Volume 125, Issue 4 p. 833-841
Free Access

Differential agonist activity of somatostatin and L-362855 at human recombinant sst4 receptors

K S M Smalley

Corresponding Author

K S M Smalley

Glaxo Institute of Applied Pharmacology, Department of Pharmacology, University of Cambridge, Tennis Court Road, Cambridge CB2 1QJ

Glaxo Institute of Applied Pharmacology, Department of Pharmacology, University of Cambridge, Tennis Court Road, Cambridge CB2 1QJSearch for more papers by this author
W Feniuk

W Feniuk

Glaxo Institute of Applied Pharmacology, Department of Pharmacology, University of Cambridge, Tennis Court Road, Cambridge CB2 1QJ

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P P A Humphrey

P P A Humphrey

Glaxo Institute of Applied Pharmacology, Department of Pharmacology, University of Cambridge, Tennis Court Road, Cambridge CB2 1QJ

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First published: 03 February 2009
Citations: 23

Abstract

  • 1

    The operational characteristics of somatostatin (SRIF) sst4 receptors are poorly understood. In this study, we have characterized human recombinant sst4 receptors expressed in CHO cells (CHOsst4) by radioligand binding and microphysiometry.

  • 2

    Increasing concentrations SRIF or other SRIF receptor ligands inhibited specific [125I]-Tyr11-SRIF binding in CHOsst4 cell membranes with respective pIC50 values of SRIF (8.82), L-362855 (7.40), BIM-23027 (<5.5) and MK-678 (<5.5).

  • 3

    These ligands displayed agonist activity, producing concentration-dependent increases in rates of extracellular acidification (EAR) with pEC50 values of SRIF (9.6) and L-362855 (8.0), respectively. BIM-23027 and MK-678 were at least 1000 times weaker than SRIF. The SRIF maximum was about 40% of that observed with L-362855.

  • 4

    In the presence of SRIF (0.1–1 nM), concentration-effect curves to L-362855 were displaced to the right with a progressive reduction in the L-362855 maximum.

  • 5

    When cells were only exposed to a single maximally effective concentration of SRIF or L-362855, there was no difference in the magnitude of the agonist-induced increase in EAR. However, a second agonist challenge, 30 min later showed that responses to SRIF but not L-362855 were markedly desensitized.

  • 6

    When concentration-effect curves to SRIF and L-362855 were obtained by combining data from cells exposed to only a single agonist concentration, SRIF (pEC50 9.2) was approximately 20 times more potent than L-362855 (pEC50 8.0) but the maxima were the same. Responses to both SRIF and L-362855 were abolished by pertussis toxin.

  • 7

    SRIF and L-362855-induced increases in EAR were inhibited by N-ethyl isopropyl amiloride (10 μM) but were not modified by inhibitors of PKC (Go-6976), MAP kinase (PD-98059), tyrosine kinase (genistein) or tyrosine phosphatase (sodium orthovanadate).

  • 8

    The results suggest that SRIF-induced increases in EAR in CHOsst4 cells involved activation of the Na+/H+ antiporter and were mediated via Gi/Go G proteins. Responses to SRIF, but not L-362855, were subject to marked desensitization which may be a consequence of differential activation of receptor-effector coupling pathways.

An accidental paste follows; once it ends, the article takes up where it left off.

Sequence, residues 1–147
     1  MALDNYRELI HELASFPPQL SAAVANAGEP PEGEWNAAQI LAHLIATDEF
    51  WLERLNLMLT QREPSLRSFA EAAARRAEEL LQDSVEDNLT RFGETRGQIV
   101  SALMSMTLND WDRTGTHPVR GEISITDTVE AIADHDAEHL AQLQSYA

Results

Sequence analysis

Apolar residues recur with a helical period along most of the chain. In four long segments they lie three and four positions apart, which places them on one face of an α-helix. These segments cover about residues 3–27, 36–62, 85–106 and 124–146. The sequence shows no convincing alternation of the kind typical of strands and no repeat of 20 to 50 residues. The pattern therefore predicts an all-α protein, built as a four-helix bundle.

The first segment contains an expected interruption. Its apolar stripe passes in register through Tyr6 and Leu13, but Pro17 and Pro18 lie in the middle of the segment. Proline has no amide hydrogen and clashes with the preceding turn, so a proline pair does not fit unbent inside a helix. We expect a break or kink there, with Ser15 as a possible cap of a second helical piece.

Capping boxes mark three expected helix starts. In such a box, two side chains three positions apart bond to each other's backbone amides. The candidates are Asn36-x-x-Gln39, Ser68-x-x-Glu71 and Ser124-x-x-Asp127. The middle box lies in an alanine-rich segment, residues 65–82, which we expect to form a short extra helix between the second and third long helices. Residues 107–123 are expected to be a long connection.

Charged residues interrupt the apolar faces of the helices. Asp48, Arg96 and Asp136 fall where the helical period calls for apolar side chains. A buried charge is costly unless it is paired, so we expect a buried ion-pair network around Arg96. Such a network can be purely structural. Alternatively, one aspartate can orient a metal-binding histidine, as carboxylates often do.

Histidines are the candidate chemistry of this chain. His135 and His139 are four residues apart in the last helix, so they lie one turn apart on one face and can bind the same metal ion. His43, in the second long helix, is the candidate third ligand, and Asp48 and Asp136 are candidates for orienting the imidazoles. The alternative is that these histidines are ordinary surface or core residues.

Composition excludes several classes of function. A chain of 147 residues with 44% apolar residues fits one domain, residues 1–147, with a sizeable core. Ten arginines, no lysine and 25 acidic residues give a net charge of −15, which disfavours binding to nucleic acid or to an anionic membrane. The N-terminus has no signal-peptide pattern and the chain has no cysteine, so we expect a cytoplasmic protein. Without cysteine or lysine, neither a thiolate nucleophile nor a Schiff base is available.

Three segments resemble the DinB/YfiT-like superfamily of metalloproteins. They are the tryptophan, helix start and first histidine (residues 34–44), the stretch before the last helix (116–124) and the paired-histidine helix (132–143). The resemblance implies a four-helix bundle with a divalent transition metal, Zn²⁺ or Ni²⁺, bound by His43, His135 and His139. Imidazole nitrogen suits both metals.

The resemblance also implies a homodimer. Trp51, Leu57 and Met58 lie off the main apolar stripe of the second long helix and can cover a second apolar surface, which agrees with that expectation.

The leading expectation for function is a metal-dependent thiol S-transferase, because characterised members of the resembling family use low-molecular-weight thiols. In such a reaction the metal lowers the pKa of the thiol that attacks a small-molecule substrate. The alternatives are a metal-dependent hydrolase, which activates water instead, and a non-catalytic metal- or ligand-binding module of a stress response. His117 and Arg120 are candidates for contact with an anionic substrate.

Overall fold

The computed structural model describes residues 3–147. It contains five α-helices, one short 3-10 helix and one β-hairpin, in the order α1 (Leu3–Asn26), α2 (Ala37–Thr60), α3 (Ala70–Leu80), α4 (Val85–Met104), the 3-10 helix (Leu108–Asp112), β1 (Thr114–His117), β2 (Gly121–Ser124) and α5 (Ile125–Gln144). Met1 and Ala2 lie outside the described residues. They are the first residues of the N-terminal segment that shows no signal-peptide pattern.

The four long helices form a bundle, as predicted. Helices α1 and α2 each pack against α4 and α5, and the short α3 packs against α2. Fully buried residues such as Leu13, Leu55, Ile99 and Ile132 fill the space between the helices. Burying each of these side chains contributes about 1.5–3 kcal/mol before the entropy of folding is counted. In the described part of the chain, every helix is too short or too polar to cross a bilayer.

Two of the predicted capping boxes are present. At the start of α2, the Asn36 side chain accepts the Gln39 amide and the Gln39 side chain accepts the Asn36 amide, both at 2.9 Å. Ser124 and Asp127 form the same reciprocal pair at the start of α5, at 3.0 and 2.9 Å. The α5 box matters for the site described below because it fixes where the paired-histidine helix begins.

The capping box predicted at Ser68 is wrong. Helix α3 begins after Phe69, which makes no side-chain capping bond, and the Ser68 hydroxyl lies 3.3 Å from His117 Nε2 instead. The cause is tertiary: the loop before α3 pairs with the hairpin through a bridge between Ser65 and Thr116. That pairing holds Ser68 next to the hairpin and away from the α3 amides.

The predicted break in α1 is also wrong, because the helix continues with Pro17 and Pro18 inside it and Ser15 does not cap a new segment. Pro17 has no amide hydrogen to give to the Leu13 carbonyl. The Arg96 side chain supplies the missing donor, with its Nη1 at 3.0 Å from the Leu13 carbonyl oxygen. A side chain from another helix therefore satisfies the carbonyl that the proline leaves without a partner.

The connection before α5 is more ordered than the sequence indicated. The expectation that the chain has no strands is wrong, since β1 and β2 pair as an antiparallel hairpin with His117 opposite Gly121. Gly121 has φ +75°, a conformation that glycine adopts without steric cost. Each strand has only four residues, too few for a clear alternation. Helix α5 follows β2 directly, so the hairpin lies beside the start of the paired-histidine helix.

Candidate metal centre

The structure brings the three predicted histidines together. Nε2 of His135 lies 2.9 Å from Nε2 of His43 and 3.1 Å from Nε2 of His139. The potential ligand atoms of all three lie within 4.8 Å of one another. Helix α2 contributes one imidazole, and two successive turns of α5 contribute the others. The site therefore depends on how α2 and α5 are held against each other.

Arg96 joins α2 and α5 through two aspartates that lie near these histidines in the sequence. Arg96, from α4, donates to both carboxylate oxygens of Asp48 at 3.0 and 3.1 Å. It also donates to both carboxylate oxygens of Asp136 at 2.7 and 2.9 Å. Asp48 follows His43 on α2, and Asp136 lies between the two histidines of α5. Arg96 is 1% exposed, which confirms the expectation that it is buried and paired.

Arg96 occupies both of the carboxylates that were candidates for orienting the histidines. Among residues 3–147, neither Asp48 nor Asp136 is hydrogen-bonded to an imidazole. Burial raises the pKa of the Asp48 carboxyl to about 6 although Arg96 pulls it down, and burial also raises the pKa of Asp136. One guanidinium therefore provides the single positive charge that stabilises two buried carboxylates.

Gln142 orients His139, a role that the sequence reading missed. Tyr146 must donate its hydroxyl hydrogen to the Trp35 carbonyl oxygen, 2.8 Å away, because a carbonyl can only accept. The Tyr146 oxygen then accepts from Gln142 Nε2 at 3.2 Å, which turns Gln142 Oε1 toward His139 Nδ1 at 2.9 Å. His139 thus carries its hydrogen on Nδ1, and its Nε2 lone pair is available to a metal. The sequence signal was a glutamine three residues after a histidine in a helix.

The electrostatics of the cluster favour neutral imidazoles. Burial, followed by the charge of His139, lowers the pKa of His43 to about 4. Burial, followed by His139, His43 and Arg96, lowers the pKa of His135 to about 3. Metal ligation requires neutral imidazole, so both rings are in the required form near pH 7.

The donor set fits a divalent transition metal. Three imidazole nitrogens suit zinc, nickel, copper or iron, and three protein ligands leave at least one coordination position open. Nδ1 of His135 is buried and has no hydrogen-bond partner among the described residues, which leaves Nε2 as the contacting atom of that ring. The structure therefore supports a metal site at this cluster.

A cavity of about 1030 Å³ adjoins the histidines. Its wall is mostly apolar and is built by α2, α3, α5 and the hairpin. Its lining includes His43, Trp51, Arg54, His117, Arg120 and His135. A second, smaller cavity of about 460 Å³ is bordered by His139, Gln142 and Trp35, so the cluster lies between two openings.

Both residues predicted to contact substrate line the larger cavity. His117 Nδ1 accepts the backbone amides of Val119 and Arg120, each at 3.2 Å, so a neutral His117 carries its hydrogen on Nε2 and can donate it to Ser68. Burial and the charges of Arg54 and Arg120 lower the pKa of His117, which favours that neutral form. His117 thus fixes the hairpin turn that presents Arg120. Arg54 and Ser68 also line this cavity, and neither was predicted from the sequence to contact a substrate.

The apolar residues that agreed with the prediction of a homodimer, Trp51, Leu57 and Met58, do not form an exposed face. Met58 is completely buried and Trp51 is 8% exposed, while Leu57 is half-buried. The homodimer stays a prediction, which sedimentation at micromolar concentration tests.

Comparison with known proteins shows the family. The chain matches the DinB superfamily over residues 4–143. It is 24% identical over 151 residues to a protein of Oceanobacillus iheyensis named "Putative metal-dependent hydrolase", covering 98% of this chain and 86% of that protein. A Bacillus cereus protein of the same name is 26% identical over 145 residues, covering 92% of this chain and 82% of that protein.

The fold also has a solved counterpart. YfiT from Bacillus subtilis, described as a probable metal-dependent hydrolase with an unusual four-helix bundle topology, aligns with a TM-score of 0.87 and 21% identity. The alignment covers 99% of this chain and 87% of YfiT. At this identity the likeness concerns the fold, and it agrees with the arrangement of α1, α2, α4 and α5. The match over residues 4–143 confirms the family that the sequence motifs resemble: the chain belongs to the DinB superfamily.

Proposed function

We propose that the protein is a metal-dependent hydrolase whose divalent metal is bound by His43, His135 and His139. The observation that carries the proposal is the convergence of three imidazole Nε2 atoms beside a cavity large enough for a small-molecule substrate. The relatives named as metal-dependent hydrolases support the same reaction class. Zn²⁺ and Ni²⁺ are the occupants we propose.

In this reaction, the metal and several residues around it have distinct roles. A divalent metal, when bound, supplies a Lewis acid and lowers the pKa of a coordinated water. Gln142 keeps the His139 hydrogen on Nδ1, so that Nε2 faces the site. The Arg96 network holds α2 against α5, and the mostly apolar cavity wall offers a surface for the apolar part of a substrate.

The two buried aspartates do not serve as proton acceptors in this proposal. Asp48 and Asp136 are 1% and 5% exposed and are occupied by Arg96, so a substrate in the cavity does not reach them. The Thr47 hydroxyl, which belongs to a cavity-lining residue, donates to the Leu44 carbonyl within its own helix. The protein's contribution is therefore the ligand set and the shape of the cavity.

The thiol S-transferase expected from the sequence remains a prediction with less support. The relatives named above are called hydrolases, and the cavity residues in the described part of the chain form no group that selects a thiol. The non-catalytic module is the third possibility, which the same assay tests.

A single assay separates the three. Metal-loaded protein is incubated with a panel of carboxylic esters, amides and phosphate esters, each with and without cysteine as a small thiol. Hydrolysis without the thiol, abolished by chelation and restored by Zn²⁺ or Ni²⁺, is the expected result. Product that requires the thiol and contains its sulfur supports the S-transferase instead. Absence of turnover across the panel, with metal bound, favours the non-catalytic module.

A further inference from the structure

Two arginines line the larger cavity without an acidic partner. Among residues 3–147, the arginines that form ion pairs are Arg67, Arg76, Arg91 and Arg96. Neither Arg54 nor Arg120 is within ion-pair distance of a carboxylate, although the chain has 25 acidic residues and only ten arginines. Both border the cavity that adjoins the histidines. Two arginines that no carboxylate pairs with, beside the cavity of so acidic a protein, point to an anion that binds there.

British Journal of Pharmacology (1998) 125, 833–841; doi:10.1038/sj.bjp.0702133

Introduction

Somatostatin (Somatotropin Release Inhibitory Factor, SRIF) is a 14-amino acid peptide with a wide range of effects in both the peripheral and central nervous systems (Hoyer et al., 1994; Schindler et al., 1996). SRIF, the N-terminally extended form, SRIF-28, and a possible third endogenous ligand, cortistatin (Fukusumi et al., 1997), have been shown to interact with a family of five heptahelical G-protein linked receptors named sst1-sst5 (Hoyer et al., 1995) which can be subdivided into two groups, SRIF1 and SRIF2, on the basis of amino acid sequence homology as well as operational characteristics. To date, more investigative work has focused upon receptors belonging to the SRIF1 group (sst2, sst3 and sst5). Selective agonists and antagonists for some of these receptors have now been identified which has allowed the study of these receptors in both heterologous expression systems as well as tissues (Wilkinson et al., 1996; 1997; Bass et al., 1996; Lauder et al., 1997; Hicks et al., 1998). In contrast, little is known about the SRIF2 receptor group (sst1 and sst4), with most experimental work being confined to radioligand binding studies on cell membranes expressing recombinant receptors, which show that the cyclic hexapeptides, such as BIM-23027 and MK-678 have a low affinity for these receptors (Raynor et al., 1993; Patel & Srikant, 1994). When expressed in CHO-K1 cells, the rat sst4 receptor has been shown to mediate stimulation of MAP kinase, the release of arachidonic acid and inhibition of adenylyl cyclase in a pertussis toxin-sensitive manner (Bito et al., 1994). Until very recently (see Liapakis et al., 1996; Ankersen et al., 1998), no selective ligands for sst1 or sst4 receptors had been described and as a consequence, the operational characteristics of these receptors have largely been defined on the basis of exclusion criteria.